Simply writing out the quote's text in a Tweet would defeat the purpose, because it's all about presenting that snapshot of however a game arrived at such a noteworthy line. "Sometimes, just the way it's presented on screen, maybe shouted at you - it would lose something if it was just the text," says the Advisor. "You want the full image of where this came up, even if sometimes that only raises more questions than answers. Like, what set of circumstances would lead a game to need to say this? People have sent me a photo of the old The Shadow pinball machine [tied in with] the Alec Baldwin movie, where the LED screen, in attract mode, just says 'AIDS IS REAL / PROTECT YOURSELF'. And it's sort of great just on its own, because you get a little bit of the context of where it's appearing, but you've got to think 'Why is a pinball machine telling me to wrap it?' I wasn't going to believe it until Alec Baldwin told me, and now, I believe it."

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Not every video game quote deserves to be remembered, but the Advisor has a knack for unearthing gems that might otherwise be forgotten in the annals of gaming history. And for all the ways in which games speak to us, these quotes can be as meaningful or amusing as you make them. "I've always liked, especially for older games, how blunt they are," the Advisor muses. "They're meant to speak directly at you, and - either for space concerns, or because they're translated stiffly from Japanese - they're often very direct. There's almost a clumsiness to them that is actually kind of endearing." One of the Advisor's favorites comes from the little-known Amiga game Kid Gloves, which flatly informs the player that "Smart bombs kill everything" during the tutorial. "You can see what it's supposed to mean as an instruction, but on its own, it almost becomes like an anti-war bumper sticker, in a nice way," laughs the Advisor. "There's something about that bluntness - and how most of the time it's unintentional - that I think really works."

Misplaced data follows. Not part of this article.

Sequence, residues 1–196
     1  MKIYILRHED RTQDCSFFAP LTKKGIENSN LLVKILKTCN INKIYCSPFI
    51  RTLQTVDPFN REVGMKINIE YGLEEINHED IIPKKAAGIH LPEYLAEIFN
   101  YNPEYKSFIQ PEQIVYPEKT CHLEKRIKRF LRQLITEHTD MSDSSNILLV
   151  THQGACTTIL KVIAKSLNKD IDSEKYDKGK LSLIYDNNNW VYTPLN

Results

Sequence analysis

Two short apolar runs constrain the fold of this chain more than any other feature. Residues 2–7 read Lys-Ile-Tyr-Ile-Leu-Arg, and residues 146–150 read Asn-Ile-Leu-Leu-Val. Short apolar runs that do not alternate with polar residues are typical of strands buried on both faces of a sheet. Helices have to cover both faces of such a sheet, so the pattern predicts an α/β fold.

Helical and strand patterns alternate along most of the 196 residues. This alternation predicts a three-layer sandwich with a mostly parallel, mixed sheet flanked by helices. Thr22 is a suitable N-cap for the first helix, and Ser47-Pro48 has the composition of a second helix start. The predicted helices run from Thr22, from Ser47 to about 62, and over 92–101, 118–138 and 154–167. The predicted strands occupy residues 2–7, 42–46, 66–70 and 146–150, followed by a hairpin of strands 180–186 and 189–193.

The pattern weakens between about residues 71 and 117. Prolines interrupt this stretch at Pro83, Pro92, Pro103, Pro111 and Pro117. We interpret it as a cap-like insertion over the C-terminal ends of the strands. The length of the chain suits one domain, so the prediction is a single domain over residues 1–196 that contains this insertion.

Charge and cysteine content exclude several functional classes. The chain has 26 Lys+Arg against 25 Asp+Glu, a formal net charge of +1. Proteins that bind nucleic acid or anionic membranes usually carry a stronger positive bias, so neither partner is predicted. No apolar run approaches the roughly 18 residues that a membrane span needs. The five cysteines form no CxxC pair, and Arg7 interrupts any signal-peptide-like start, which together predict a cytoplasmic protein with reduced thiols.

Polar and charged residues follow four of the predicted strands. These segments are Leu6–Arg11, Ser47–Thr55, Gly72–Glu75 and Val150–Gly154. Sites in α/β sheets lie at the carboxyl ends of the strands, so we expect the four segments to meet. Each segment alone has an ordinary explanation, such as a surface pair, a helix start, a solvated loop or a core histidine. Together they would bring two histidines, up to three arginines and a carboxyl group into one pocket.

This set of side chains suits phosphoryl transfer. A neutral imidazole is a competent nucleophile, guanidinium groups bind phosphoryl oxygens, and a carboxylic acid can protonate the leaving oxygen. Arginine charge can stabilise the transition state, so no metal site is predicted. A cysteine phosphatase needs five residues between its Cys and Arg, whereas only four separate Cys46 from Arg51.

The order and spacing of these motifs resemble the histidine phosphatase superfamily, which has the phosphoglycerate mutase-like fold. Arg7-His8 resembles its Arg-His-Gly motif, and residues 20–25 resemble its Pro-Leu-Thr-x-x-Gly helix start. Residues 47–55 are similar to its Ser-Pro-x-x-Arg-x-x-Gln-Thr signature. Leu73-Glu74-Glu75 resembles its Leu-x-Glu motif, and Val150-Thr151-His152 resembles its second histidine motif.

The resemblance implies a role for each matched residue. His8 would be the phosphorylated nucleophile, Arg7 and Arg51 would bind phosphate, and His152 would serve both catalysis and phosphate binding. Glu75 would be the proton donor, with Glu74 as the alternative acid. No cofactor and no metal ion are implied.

If you've ever felt like you needed a daily pick-me-up, or just some game-related bits of goofiness, it would behoove you to follow the Video Game Advisor and study - if not heed - his stream of advice. Even as he maintains the capture and conveyance of game quotes, delivering wisdom to his ever-growing audience, the Advisor has more in the works: he's contemplating the use of video clips to preserve and present cutscenes, and he's eager to dive into's collection of DOS, Windows 3.1, and Apple 2 games - "There's a ton of stuff there that I've never even heard of," he says excitedly. But for now, you can depend on Video Game Advisor for a constantly growing catalogue of perfectly preserved quotes, offering a window into thousands of games you may or may not know. "I don't imagine I'm going to be doing this for the rest of my life," the Advisor says. "But for the foreseeable future, I don't see myself stopping, because there's still a lot to pull from."

Lucas Sullivan

Lucas Sullivan is the former US Managing Editor of GamesRadar+. Lucas spent seven years working for GR, starting as an Associate Editor in 2012 before climbing the ranks. He left us in 2019 to pursue a career path on the other side of the fence, joining 2K Games as a Global Content Manager. Lucas doesn't get to write about games like Borderlands and Mafia anymore, but he does get to help make and market them.